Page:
Blitzen Trapper

Wild Mountain Nation

(LidKerCow Ltd.; 2007)

By Clayton Purdom | 10 July 2007

Rock bands'll do some crazy shit. Radiohead will, like, stop playing guitars; the Rolling Stones will continue playing concerts in defiance of nature; the White Stripes will employ bagpipes; the Who will sneer at pretension, create their shitty Wall and net dumbly dumbfounded fans in the process; the Boss will go acoustic at his biggest; Nirvana will sell out, only to buy their way back in; the Clash will release a shitty triple-LP, knowing it's shitty but releasing it just because; the Stooges will reunite; Sting will play a lute on TV, supposedly not as a dare; Harvey Danger and the New Radicals will write the two best pop songs of (or at least about) the 1990s; Henry Rollins will become a talk show host. And so on. Those of us for whom listening to pop music holds more importance than morning ablutions enjoy bemoaning the boredom of the musical world, but, really, these guys do their best to keep us on our toes. Shit gets topsy-turvy pretty regular.

It's not that these things don't happen in indie rock, it's just that when these superbands feel an artistic itch they have the million$ on hand to scratch immediately, fuck the consequences. And when perturbations arise at that level of public scrutiny, there are shockwaves, press conferences, apologies, awards shows, etc. In the smaller arena of indie rock, there's less room for reverberations when a band tries something new. Plus, at least in theory, "we" are more openminded listeners, more willing to try new sonic experiences--thus explaining the Polyphonic Spree. But (and this is my point) what Blitzen Trapper have done on their third and by far best record is surprising in the Big way, indie band or not. Inexplicably, they have synthesized their influences--largely the FM dial presented in the first paragraph--into something confident and deep, and then shot that something new with an almost deranged surplus of inspiration. The music world is not abuzz with talk of Blitzen Trapper's accomplishment, but it feels like it should be.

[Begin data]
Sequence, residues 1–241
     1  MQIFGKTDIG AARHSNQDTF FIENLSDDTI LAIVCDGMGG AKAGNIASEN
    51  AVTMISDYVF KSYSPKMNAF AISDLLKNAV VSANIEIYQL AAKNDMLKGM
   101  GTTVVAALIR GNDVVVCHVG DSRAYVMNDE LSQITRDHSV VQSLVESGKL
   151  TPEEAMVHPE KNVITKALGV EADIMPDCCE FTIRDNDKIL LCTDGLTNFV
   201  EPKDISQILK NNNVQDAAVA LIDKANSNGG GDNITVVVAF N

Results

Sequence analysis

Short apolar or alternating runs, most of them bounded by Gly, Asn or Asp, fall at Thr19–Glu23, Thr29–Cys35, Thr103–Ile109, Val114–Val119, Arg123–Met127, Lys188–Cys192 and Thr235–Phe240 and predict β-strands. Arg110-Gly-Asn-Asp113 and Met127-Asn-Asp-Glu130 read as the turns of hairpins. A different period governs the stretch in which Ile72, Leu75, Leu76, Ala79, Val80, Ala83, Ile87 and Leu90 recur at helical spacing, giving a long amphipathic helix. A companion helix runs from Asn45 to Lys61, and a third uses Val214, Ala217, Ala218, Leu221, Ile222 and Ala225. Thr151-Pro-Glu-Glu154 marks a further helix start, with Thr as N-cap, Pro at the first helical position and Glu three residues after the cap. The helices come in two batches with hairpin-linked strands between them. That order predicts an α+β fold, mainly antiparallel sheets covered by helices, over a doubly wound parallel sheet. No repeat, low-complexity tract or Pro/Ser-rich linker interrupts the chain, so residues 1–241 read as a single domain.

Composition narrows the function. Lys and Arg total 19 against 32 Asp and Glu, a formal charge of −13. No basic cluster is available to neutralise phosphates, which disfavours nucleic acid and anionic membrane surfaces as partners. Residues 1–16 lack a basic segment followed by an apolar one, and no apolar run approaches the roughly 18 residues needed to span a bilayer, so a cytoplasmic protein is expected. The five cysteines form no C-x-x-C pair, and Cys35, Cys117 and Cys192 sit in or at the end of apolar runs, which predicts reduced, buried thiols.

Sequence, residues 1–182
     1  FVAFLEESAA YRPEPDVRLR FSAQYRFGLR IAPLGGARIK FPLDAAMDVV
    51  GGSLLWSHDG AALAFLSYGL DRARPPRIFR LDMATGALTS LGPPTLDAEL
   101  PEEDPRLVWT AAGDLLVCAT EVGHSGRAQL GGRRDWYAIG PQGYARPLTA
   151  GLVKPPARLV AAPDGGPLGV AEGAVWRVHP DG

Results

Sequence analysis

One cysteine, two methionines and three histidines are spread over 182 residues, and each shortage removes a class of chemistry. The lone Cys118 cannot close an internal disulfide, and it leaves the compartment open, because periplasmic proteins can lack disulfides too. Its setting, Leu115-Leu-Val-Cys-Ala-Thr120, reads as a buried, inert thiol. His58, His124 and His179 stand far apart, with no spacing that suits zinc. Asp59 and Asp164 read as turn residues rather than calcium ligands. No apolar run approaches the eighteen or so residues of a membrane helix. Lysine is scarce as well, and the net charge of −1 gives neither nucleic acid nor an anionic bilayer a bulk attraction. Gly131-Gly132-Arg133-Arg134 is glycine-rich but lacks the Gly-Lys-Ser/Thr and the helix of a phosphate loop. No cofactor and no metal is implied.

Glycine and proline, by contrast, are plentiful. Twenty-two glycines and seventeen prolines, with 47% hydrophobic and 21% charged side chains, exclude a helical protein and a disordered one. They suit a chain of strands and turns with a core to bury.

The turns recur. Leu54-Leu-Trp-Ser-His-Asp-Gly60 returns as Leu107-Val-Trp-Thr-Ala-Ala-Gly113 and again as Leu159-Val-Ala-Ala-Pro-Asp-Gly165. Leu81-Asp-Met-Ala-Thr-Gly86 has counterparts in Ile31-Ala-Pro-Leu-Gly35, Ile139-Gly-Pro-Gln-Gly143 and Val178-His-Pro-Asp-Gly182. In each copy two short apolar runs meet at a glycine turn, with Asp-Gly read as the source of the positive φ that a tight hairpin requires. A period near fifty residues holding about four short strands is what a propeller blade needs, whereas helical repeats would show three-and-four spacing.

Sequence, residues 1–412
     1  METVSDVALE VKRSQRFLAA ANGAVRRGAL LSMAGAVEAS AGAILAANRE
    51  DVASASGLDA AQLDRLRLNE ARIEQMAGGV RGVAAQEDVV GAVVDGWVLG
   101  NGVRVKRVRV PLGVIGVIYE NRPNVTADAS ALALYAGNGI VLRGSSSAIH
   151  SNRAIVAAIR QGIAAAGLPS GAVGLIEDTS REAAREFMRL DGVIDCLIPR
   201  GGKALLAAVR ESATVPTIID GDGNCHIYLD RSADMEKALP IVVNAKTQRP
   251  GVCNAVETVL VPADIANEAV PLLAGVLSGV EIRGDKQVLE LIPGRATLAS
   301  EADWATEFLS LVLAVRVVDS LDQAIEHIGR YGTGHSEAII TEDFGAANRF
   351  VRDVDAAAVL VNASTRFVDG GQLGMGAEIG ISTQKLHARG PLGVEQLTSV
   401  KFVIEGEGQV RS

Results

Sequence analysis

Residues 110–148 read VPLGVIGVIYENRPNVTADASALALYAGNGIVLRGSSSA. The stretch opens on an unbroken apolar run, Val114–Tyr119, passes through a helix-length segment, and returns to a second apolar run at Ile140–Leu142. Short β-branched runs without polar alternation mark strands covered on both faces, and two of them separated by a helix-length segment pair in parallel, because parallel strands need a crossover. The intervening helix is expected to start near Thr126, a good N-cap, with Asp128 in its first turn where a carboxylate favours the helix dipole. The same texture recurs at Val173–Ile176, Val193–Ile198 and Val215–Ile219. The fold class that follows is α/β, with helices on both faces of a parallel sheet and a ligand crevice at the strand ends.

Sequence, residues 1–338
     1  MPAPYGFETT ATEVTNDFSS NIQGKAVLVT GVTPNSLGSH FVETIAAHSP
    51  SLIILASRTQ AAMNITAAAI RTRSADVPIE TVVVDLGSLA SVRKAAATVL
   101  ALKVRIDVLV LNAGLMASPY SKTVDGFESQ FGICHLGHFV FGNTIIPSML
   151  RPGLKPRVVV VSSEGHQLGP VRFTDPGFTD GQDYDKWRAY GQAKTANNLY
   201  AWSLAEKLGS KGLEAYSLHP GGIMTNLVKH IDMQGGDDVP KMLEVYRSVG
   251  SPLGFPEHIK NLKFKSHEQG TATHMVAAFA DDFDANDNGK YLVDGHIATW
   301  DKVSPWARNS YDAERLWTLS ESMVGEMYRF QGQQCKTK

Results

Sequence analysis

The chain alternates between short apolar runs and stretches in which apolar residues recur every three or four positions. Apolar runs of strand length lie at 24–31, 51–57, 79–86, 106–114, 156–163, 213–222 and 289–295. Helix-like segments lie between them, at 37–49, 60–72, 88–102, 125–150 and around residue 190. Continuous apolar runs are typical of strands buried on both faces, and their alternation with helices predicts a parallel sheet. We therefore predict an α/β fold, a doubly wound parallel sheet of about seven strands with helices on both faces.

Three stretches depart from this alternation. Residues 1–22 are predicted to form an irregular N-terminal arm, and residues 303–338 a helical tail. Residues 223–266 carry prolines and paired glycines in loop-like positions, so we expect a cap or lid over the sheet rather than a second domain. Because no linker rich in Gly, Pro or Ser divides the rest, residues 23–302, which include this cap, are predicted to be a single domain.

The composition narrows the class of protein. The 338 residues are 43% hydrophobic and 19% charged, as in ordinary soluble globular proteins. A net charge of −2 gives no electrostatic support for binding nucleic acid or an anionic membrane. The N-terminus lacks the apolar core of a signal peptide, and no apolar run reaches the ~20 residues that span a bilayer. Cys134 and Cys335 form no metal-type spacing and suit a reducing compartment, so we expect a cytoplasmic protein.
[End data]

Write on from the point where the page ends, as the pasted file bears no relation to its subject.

This is because Wild Mountain Nation is a surprising record, not just artistically but sonically too, right into the very sounds comprising the songs. The first three tracks alone of this 34-minute panoply contain a journal of fucked-up, roadtripped musical misadventures: here herky-jerky honky tonk, drum rolls ending in whiskey splashed crashes; there title track anthemics, all earnest dirty backporch melodicism; then rolling acoustic whispered pulses replete with keyboard flourishes and wordless choruses. Their evocation of Appalachia seems based in some mythic, Willy Wonka version of the region, stoned and boozy and, in the case of "Wild Mtn. Jam," a bit cartoonish. In reality Appalachia sounds a lot more like "Jesus Take The Wheel" and Megadeth, but that's okay, because invoking regions as a misleading dominant ingredient is one of the great interpretative tricks/traditions of rock and roll (see: John Fogarty, Murray Street [2002], Britpop, U-God), and Blitzen Trapper's music here has the cohesive array of a good regional compilation.

The Wild Mountain Nation, in other words, might as well exist, a gorgeously backwards romanticization of America's poorest region. A surprising accomplishment from six Oregonians, to be sure, but this is, after all, a surprising record and a mess of contradictions--an okay band making a great record, classic rock songcraft made contemporary through sheer force of will, a quiet and loud album simultaneously, dancing along the lo-fi/hi-fi binary, a fucking record about Appalachia made by dudes from Portland!--that thrillingly, thinly, radiantly congeals. There are names to drop all over the place, like James Gang, Six Organs of Admittance, Odelay! (1996), Steve Albini, but the more important point is how well each of these thousand influences is represented here. The unrelenting invention of the opening triad is held up throughout and one can pick out favorites --I call "Sci-fi Kid" and "Country Caravan"--but here, more so than any other record of recent memory, favorites are personal preference alone. Wild Mountain Nation is exactly what it strives to be: an eccentrically, overwhelmingly American rock record, so encyclopedic but so svelte that in places it feels like a new starting point.